I trust Captain Pullat will slowly come around to the views I have expressed in my book, which are based on freedom. Once again, I'd like to thank Capt. Pullat for his comments and particularly for his editorial comments on one of the late versions of the manuscript.


raksha said...

the love, care and devotion you feel for bharat mata touches me.

no wonder you are product of DAV college -- only vedic and hindu education can make one patriotic.

sadly we have little respect or pride for our own knowledge.

i read your father's book as well, on which i accidentally clicked.i wish he could go on tour of USA to spread the message of the Vedas.

the corrupt nehru family finished india and even tody we see one italian lady enslave one billion hindus. i do not know why we cannot get out of their grip.

i am from kenya but feel very sad at the state of hindus in india.

Sanjeev Sabhlok said...

Dear Raksha

Thanks for your comments. Just a point or two.

(A) Religion is not my sphere of action. Politics and the real world, is. My firm belief is that religion and politics must be kept completely separate. Mixing the two can often be fatal.

(B) I am a product of DAV College but I am I am not a Hindu since the age of 12 when I decided to relinquish religion, though I appreciate many lessons of Bhagwad Geeta. My views are an eclectic mix of western philosophy, economics, science, and the philosophies of Buddha, Vivekananda and Gandhi. Similarly I have studied in many convent schools but I am not a Christian, though I welcome the many good elements of Christ’s teaching. I am not an atheist but an empathetic agnostic who can empathise why people may need religion but can’t understand why that must drive them to brutal killings in the name of their God. In other words, organized religion is not ethical enough for me; it is also not respectful enough of other cultures and views. As you can see, I tend to critically analyse and pick and choose whatever good I see in others, including in other philosophies and religions, and discard the rest. The approach of an aware and vigilant karma-yogi appeals to me, though I call it simply, ethical liberalism: action based on free choice.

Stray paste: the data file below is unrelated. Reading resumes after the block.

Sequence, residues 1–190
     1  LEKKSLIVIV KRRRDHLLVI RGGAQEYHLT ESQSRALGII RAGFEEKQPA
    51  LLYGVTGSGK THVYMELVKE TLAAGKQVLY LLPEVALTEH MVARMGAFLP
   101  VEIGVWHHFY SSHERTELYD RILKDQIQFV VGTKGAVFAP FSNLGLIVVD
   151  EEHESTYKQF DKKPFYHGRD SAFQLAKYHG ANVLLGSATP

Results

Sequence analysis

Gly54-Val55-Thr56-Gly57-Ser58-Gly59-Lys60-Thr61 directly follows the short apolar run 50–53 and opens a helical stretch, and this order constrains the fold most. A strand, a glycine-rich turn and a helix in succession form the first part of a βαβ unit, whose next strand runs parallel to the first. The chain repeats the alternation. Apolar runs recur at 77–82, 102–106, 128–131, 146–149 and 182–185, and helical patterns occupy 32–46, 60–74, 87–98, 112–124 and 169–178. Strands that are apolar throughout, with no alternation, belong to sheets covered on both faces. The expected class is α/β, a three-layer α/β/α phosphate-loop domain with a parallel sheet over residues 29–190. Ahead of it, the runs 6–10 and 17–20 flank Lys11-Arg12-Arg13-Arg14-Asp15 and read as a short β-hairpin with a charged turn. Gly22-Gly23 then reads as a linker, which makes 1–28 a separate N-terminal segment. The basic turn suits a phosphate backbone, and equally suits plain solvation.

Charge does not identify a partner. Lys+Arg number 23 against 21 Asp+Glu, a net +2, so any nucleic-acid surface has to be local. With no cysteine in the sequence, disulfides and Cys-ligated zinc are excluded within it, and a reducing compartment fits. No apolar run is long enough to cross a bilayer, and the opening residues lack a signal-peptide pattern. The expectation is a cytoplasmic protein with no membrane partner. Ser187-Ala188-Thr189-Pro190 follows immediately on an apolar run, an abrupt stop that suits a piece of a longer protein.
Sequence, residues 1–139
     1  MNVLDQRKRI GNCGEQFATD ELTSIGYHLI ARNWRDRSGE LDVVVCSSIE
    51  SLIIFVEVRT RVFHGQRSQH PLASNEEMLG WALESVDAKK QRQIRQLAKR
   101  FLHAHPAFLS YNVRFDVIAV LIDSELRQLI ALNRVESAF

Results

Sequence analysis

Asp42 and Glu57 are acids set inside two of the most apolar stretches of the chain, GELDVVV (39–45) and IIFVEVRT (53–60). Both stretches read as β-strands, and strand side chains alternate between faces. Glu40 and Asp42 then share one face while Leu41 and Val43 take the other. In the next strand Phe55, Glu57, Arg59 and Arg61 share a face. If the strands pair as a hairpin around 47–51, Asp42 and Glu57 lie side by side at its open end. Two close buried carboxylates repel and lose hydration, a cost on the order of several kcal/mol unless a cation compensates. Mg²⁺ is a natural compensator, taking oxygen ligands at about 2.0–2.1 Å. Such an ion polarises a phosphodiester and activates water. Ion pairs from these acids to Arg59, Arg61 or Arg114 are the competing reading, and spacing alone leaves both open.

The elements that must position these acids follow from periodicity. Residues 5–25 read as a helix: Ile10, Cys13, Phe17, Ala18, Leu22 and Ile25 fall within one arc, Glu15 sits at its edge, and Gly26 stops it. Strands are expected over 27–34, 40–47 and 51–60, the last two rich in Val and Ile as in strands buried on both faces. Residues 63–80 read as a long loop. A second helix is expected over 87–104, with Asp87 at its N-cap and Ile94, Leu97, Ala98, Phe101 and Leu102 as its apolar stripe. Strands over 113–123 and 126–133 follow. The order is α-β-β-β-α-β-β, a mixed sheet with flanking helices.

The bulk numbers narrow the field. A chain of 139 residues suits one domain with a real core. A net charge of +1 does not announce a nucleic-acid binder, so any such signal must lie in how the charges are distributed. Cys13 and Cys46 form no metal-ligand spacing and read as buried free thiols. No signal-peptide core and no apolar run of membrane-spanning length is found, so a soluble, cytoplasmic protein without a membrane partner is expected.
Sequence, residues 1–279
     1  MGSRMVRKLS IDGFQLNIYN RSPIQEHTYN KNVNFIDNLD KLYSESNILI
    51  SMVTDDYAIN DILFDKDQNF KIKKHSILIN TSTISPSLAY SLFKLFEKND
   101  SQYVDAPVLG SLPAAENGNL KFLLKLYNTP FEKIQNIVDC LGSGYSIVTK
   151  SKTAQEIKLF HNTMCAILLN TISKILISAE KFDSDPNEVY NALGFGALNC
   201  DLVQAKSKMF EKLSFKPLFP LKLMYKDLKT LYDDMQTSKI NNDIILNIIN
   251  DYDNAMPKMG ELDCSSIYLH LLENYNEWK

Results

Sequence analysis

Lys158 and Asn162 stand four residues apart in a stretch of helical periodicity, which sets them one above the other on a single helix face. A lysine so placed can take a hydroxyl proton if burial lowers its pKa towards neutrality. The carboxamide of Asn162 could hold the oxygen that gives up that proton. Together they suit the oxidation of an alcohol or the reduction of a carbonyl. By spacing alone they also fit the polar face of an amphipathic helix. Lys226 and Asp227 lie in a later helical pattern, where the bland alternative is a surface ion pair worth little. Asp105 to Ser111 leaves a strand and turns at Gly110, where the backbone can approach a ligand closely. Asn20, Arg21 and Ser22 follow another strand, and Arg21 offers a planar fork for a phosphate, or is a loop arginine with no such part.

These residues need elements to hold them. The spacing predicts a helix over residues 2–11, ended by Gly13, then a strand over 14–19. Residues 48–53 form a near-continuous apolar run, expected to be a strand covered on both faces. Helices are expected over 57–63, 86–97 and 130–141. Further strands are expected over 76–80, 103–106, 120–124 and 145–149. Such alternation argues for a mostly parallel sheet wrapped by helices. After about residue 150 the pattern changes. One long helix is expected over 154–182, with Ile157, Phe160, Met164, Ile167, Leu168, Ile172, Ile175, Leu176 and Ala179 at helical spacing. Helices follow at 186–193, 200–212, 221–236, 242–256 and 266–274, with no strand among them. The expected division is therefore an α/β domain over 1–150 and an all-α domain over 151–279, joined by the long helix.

(C) I have nothing in-principle against an Indian citizen like Sonia Gandhi becoming PM no matter what her country of origin. Why I oppose her Congress party is because of its socialist policies and because it is deeply rooted in black money and corruption. So also I oppose all other political groups that follow such practices.